A Quick Route to a Clean File
Topology optimization is a next-generation software tool that reduces the weight of an indicated space, taking into account the material properties and a fixed set of loads on the design space. Results from these packages are typically organic-looking STL files, but with very rough surface quality. Materialise 3-matic offers STL design tools that clean up the rough results of topology optimization, avoiding the elaborate step of re-building these organic files in CAD.
Rough STL files can be smoothed, reconstructed and simplified for a cleaner part. All operations take place at STL level to exclude error-prone conversions to other file formats. Certain regions of the STL file can also be split to easily rebuild them as perfect CAD entities, such as cylinders, cones and planes. The smoothing and surface reconstruction operations are even able to redesign organic surfaces to minimize the amount of NURBS required to rebuild a potential CAD file.
Export to FEA
Topology optimization cannot take into account all types of stress on an individual file. If additional simulation is required to meet design requirements, Materialise 3-matic can export the cleaned and redesigned STL file to a range of FEA packages such as Abaqus or Nastran, reducing the design–FEA loop. The Materialise 3-matic Remesh Module can also be used to clean up the mesh for an even faster FEA simulation.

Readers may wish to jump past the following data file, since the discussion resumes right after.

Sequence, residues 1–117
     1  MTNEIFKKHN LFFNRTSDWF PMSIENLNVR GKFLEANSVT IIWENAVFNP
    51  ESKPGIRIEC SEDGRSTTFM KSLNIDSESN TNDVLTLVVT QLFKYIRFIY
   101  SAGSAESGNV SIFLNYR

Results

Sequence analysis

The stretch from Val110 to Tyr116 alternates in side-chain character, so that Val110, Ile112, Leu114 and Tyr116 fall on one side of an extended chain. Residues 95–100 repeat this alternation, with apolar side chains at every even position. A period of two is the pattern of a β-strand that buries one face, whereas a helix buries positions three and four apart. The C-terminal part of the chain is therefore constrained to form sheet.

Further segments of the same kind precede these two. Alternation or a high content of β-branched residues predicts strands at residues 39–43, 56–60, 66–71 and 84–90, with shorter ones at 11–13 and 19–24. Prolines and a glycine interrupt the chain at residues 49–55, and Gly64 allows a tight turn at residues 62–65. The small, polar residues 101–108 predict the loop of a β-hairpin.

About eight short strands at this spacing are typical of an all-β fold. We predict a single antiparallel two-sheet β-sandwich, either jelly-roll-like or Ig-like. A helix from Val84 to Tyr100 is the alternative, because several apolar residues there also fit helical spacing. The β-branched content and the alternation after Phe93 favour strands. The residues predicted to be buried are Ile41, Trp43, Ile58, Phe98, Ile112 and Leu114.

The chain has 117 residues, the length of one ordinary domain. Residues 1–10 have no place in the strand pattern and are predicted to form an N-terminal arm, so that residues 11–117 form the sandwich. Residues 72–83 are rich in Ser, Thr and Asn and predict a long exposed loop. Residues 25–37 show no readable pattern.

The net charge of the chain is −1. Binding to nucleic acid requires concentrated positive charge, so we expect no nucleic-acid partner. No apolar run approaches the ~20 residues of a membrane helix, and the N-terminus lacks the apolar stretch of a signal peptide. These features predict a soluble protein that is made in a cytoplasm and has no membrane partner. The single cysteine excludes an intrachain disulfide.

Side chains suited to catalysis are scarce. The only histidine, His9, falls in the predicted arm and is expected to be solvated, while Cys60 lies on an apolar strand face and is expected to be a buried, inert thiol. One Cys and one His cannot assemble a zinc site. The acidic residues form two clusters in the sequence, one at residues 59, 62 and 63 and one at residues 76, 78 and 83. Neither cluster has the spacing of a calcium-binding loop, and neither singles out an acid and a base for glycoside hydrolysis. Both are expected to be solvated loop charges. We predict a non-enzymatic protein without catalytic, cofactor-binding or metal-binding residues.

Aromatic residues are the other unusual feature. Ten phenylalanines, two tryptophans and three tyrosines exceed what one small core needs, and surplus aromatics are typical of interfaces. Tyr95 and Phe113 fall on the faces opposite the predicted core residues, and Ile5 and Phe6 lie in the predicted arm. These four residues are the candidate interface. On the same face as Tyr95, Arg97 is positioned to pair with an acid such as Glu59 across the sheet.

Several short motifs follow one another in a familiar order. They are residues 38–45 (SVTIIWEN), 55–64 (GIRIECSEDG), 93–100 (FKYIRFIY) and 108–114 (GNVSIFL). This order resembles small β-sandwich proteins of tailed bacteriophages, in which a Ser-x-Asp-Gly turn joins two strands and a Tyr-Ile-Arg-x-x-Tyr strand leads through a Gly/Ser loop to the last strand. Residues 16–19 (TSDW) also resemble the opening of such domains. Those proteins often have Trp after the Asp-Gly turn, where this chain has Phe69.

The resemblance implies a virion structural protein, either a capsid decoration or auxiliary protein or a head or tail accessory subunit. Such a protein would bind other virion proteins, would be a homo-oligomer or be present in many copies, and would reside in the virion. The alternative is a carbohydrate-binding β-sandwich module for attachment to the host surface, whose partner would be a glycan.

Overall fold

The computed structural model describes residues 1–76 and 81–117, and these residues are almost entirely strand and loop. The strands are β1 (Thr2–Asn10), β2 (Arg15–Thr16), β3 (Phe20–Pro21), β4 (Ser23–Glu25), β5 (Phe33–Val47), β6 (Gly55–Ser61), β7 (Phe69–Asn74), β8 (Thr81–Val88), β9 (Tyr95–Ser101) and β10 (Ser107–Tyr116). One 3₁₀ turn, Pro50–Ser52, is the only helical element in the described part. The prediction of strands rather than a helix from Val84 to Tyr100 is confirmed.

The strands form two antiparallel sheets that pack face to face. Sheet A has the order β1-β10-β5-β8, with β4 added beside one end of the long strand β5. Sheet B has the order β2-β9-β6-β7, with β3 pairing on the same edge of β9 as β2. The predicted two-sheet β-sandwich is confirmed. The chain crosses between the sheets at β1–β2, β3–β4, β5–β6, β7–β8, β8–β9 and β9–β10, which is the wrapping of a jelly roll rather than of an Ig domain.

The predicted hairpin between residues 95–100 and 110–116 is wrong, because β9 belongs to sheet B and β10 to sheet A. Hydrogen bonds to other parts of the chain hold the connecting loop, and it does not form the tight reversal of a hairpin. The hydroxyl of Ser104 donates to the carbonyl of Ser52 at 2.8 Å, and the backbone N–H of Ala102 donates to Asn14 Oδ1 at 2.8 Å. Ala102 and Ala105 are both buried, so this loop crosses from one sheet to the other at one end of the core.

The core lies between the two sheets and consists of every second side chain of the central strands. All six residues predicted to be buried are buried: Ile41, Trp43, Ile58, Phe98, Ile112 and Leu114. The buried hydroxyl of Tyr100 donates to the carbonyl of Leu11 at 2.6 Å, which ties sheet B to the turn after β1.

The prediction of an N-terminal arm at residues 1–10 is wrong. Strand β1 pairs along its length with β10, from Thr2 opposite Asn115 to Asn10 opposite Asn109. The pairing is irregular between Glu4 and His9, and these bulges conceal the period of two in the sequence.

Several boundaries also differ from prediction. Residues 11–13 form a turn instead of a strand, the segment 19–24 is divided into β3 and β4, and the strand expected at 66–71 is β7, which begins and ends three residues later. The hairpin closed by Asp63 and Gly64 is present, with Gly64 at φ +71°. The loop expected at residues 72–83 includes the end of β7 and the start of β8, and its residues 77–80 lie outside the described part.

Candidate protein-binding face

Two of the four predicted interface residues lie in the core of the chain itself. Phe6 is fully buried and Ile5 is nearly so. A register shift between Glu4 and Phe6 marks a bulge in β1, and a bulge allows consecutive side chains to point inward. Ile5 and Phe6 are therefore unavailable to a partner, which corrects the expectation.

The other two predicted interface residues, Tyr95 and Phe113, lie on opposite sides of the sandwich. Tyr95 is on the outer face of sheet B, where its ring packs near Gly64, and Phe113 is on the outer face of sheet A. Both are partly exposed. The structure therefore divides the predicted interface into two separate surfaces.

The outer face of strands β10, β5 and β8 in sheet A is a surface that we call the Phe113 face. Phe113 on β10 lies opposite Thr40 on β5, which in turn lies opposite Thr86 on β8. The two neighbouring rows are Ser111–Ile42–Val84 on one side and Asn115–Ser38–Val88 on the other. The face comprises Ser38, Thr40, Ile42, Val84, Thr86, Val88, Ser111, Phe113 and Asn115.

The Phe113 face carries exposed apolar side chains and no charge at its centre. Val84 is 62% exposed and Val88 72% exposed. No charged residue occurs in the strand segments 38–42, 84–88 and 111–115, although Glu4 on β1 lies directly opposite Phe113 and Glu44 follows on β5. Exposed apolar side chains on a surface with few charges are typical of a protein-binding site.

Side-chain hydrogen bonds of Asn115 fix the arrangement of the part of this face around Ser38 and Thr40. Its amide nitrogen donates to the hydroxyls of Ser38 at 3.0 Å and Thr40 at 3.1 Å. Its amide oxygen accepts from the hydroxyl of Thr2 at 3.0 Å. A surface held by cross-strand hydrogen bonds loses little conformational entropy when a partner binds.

Export to a CAD Model
To export STL files as CAD entities, Materialise 3-matic incorporates a CAD Link Module. Using this module, organic surfaces can be exported with a minimal amount of CAD patches.
Export to a Printed Prototype
The anisotropic simulation of parts produced by Additive Manufacturing is still under development, but you may still want to do empirical tests on some parts to see whether the printed parts correspond with your simulations.
The Spider Bracket: A Topology Optimization Project by Altair, Materialise and Renishaw
Materialise worked together with Altair and Renishaw to create an R&D spider bracket. The amazing thing about this bracket is that it contains hybrid lattice structures and is successfully 3D printed in Titanium. This design could not have been created with conventional manufacturing methods.
Using Topology Optimization for an Aircraft Engine Bracket
A Delft University graduate student wanted to use topology optimization to minimize the volume and weight of an aircraft engine bracket. However, it was taking too long to convert optimized files back to a CAD format: until he tried Materialise 3-matic.
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